Seton-Montgomerie Earl of Eglinton - Garde Bien - Watch well

     Seton Lord Barnes -
     Seton Lord Kilcreuch - Hazard warily - Hazard warily
     Seton Lord Pitmedden - Sustento sanguine signa, Merces haec certa laborum - I support the standard with my blood, This is the sure reward of industry

     Seton Baronet of Abercorn - Hazard warily - Hazard warily
     Seton Baronet of Garleton - Habet et suam - He hath also his own
     Seton Baronet of Pitmedden - Sustento sanguine signa - I support the standard with my blood
     Seton Baronet of Olivestob - Invia virtuti pervia (from Hamilton) - The road to virtue prevails
     Seton Baronet of Windygoul -
     Seton-Steuart Baronet of Allanton on Touch - Inclytus perditú recuperator coronú - The famous recoverer of a lost crown

     Seton of Parbroath - Hazard zet forward - Hazard push forward
     Seton of Meldrum - Hazard yet forward; Mean, speak and doe well - Hazard yet forward; Mean, speak and do well
     Seton of Touch - Forward ours - Forward ours
     Seton of Cariston - Hazard zet forward - Hazard push forward
     Seton of Lathrisk - Hazard zit forward
     Seton of Kyllesmuir -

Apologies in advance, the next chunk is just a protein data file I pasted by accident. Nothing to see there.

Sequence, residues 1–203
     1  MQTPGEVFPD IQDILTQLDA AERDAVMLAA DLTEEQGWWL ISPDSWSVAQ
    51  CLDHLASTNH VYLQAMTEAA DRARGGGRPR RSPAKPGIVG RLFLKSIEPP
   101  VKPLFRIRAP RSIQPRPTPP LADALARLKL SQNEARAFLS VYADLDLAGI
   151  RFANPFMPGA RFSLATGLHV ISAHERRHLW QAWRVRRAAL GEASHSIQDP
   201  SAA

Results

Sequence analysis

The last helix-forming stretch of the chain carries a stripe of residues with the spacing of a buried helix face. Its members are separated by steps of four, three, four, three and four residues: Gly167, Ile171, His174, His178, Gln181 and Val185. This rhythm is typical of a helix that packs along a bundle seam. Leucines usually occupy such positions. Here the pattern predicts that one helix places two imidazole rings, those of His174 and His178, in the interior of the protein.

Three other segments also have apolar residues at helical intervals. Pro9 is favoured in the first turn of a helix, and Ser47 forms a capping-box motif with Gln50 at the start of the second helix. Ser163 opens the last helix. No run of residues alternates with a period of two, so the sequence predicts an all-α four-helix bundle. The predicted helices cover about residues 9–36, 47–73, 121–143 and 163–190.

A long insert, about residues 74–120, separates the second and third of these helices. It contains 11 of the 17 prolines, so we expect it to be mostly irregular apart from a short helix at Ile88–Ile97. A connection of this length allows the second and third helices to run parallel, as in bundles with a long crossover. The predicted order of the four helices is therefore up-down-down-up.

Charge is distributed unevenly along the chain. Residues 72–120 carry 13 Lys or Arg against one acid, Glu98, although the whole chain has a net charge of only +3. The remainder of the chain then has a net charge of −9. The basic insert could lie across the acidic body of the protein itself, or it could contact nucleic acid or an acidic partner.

Seton of St. Germains -
     Seton of Northrig - Cum progressus cautus -
     Seton of Gargunnock - Hazard warily - Hazard warily
     Seton of Tullibody - Forward ours - Forward ours
     Seton Provost of Haddington - Cum progressus cautus -

     Seton of Preston and Ekolsund - Hazard warily - Hazard warily
     Seton of Powderhall - Hazard et Forward
     Seton of Mounie - Sustento sanguine signa - I support the standard with my blood

     Seton of London (Barnes) -
     Seton, Col. James Seton (Barnes) -

     Seton - Inclytus perditú recuperator coronú - The famous recoverer of a lost crown
     Seton - Virtus durat avorum - The virtue of my ancestors remains

     Seaton - Dieu defend le droit - God defends the right
     Seaton - Sperat infestis - He hopes in adversity

English SETON Arms:

     Jan de Seton
     Or, a saltire gules and on a chief gules three garbs, or.

     Gules, a bend argent between six martlets, Or.

     Azure, a bend between six mullets, Argent.